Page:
Industrial commodities and global stocks fell sharply Wednesday as evidence mounted that the global economy's highfliers are dangerously close to stall speed. Yields on 10-year Treasuries tumbled to a record-low 1.64 percent.
Data from the U.S., Western Europe and China, the world's second-biggest economy, painted a uniformly grim picture for investors in risky assets like copper, crude oil or equities.
-- U.S. pending home sales fell 5.5 percent in April compared to the prior month, the National Association of Realtors said, marking the weakest result in a year and raising more uncertainty surrounding the housing recovery. The Dallas Fed manufacturing index extended the most recent slate of softer-than-expected economic reports, David A. Rosenberg, chief economist and strategist of Gluskin Sheff + Associates Inc., wrote in a note. We haven't seen a number this weak since last September.
-- China said monetary authorities will not launch any major government stimulus in the near future.
-- In Europe, economic stagnation and continuing debt crisis in the single currency bloc drove the region's business sentiment to 90.6 in May from April's revised 92.9, the European Commission said. That was the second big fall in a row and it left the index at its lowest level since the back end of the global recession in October 2009.
-- Meanwhile, Germany is opposing a European Commission proposal to create and fund a banking union for bailing out insolvent banks so the Greek crisis will not engulf Spain and other vulnerable euro zone members on the continent's southern periphery.
The situation in Europe is going from bad to worse and it is not just about Greece, as we see 10-year yields in Spain decisively pierce the 6.5 percent level to trade at its highest since last November, and Italy too touched the 6 percent threshold today as it endures its fourth straight sell-off, Rosenberg wrote Wednesday in a note.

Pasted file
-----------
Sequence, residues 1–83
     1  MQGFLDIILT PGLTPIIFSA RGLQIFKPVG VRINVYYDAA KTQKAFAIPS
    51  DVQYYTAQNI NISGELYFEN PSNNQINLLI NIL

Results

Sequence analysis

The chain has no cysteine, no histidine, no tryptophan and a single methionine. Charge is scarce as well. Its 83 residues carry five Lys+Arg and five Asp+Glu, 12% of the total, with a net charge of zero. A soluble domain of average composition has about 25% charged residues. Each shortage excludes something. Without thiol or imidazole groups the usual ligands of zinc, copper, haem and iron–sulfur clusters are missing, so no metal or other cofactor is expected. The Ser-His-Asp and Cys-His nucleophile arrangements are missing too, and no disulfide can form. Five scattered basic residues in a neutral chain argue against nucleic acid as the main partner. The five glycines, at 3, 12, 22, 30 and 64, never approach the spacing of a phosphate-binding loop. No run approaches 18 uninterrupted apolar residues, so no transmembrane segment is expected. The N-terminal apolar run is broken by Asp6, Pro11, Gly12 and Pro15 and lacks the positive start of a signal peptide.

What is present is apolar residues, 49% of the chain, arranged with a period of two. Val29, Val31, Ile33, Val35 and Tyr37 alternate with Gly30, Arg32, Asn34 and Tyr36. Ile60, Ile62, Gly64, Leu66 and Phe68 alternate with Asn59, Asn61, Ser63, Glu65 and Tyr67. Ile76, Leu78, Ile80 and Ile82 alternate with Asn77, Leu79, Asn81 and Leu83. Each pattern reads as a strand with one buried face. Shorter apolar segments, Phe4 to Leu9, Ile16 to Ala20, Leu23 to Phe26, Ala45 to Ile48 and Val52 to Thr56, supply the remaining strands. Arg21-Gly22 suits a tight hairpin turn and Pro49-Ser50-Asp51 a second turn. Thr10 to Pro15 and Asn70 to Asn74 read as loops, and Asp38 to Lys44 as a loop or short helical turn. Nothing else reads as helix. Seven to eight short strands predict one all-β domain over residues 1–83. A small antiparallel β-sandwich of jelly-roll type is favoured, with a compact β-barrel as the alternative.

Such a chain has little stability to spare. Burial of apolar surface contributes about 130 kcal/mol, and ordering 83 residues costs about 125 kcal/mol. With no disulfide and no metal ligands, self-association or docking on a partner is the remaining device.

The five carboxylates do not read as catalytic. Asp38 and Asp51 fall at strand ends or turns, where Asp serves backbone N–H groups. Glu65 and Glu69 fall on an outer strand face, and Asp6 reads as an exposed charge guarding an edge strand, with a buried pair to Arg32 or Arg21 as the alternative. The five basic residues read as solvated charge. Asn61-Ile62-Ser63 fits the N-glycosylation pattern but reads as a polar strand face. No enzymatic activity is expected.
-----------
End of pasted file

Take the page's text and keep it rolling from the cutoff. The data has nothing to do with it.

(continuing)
Spain's economy is imploding much like Greece with retail sales plunging 9.8 percent year-over-year to mark the 22nd decline in a row and the sharpest annual slide on record.
Crude oil, which was recently trading around $87, has now fallen more than 20 percent from its March 1 level of $109.93. The current price of crude oil in New York trading is at a level not seen since October of last year.
Copper, which was recently trading around $3.38, has now fallen more than 14 percent from its March 1 high of $3.80. The current price of copper in New York trading is at a level not seen since the end of last year.
With the exception of sugar, all major agricultural commodities were down. Since the end of May 2011, wheat has fallen 31 percent, and since the end of August 2011 the price of corn has fallen 29 percent.
The overall picture of dangerously slowing economic growth -- if not outright contraction -- hammered stocks around the world.
Hong Kong's Hang Seng stock index closed down 1.9 percent, while Germany's DAX was recently falling 1.8 percent and France's CAC 40 was plunging 2.2 percent.
In the U.S., all major equity indexes were down more than 1 percent and the yield on the benchmark 10-year Treasury fell to a record-low 1.64 percent.
Mike Obel works as Senior Editor, Copy Chief. Before that he was Markets Editor, assigning, editing and writing about business, markets, finance and economics. Before coming...